Monday, April 24, 2017

We'll Pretend I Saw the Superbloom the Same Way I Hiked the Pacific Crest Trail Today


I showed up late and at the wrong address for the party. There have been so many reports of the "superbloom" of wildflowers around Southern California this winter and spring that I was anxious to do some traveling and see the sights. I finally had an excellent excuse to head down south this last weekend (giving a community lecture in Hemet), and we started watching for flowers while we drove Highways 99, 58, and 395 as well as Interstate 215 through the Mojave Desert and Cajon Pass. There were scattered patches of flowers here and there, but not in any sense a superbloom.

There is a real dichotomy between northern and southern California right now. We are still getting storms and precipitation in the north, but the storm door closed in the south a month or more ago. We left home in a cool green landscape, but somewhere south of Fresno, the grass turned brown. It got hotter, and on Saturday in and around Hemet, the mercury hit the century mark (at least according to my car's thermometer). We didn't have enough time to check out Anza Borrego or the Antelope Valley Poppy Reserve because of time constraints (and it was probably too late anyway).

Selective editing is a wonderful thing at times, however. On the way back home yesterday, we opted to follow Cameron Road through the wind farms near Tehachapi Pass instead of staying on the freeway. We came across patches of flowers in several protected coves, and hence these carefully aimed photos that suggest a wildflower wonderland!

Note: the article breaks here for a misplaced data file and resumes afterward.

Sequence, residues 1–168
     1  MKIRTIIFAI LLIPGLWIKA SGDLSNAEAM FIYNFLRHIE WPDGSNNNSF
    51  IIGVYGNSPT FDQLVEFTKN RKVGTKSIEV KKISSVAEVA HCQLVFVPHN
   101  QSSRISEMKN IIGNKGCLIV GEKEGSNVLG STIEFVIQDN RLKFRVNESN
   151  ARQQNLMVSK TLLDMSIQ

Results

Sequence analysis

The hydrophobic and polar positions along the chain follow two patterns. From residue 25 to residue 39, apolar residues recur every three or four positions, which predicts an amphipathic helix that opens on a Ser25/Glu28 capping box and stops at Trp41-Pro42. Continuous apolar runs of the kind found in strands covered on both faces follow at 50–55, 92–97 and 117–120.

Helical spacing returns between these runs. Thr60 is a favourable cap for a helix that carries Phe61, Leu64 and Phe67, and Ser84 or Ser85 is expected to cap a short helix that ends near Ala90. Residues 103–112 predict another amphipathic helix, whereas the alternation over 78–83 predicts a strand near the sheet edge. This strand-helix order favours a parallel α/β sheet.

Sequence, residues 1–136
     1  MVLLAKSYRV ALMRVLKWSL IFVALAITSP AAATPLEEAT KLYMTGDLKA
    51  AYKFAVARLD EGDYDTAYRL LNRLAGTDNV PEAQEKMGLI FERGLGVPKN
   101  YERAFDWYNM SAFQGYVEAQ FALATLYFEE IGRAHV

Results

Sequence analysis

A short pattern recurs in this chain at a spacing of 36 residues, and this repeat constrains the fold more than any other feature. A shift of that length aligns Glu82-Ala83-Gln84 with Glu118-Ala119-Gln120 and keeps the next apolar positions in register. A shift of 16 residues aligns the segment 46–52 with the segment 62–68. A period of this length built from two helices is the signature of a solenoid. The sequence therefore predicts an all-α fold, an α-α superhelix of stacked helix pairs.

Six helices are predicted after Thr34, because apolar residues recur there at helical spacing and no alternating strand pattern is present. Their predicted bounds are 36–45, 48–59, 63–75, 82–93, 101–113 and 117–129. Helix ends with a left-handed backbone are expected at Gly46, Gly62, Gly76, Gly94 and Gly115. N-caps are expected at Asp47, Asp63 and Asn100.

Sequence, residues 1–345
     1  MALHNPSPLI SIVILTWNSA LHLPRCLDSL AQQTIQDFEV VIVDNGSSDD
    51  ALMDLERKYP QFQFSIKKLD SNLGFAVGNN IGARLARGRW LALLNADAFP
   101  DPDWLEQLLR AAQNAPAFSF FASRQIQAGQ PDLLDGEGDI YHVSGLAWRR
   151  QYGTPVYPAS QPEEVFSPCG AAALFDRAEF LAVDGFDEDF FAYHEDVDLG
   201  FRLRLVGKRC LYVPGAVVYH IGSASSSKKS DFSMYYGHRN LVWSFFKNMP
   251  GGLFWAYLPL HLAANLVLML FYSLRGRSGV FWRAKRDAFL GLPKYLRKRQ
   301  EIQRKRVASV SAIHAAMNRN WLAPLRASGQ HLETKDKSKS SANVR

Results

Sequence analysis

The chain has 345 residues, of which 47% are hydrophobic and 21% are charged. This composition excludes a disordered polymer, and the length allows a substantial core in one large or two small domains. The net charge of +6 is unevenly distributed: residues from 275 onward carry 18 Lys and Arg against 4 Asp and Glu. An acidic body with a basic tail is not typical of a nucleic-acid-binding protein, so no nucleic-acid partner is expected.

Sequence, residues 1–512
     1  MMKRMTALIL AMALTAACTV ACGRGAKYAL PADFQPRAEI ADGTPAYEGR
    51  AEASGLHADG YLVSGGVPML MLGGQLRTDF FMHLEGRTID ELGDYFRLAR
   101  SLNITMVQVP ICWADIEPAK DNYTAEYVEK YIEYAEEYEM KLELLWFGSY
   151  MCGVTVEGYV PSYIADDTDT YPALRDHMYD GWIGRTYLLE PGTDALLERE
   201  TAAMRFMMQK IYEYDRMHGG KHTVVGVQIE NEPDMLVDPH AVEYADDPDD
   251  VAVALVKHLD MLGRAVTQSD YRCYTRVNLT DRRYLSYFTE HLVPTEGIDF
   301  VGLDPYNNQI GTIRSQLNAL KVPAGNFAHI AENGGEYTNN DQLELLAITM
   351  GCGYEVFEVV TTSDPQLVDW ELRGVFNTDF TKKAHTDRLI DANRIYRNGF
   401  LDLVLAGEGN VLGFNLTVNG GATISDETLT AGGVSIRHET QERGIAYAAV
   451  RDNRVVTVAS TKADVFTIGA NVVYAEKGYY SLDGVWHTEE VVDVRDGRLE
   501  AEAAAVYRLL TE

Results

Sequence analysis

The flowers thrive on these barren slopes in part because a lot of larger plants cannot. It's arid, as the hills here lie in the rain shadow of the Sierra Nevada, and the winds are nearly constant and fierce (hence the wind farm, one of the largest in California). The winds are generated by the pressure differential between the Great Valley near Bakersfield and the Mojave Desert near the town of Mojave. Tehachapi Pass is the lowest point between the two, so the winds funnel through the opening. It was certainly windy on Sunday.

We stopped at the intersection of Cameron Road and Tehachapi-Willow Springs Road. This is the spot where the Pacific Crest Trail crosses the road in the midst of hundreds of wind turbines. There are some nicely designed interpretive signs near the intersection, and if you look carefully you'll see that Mrs. Geotripper took one of the photos that they used!

And about that bit about hiking the Pacific Crest Trail today. It's like selective editing in pictures: I didn't say I hiked the whole PCT. But I did hike on about fifty yards of it at the Cameron Road crossing, so I technically didn't lie. It is perhaps not the single most scenic part of the trail, but it has some charm, especially at the right time of year. Solitude is sometimes a nicer virtue than scenery.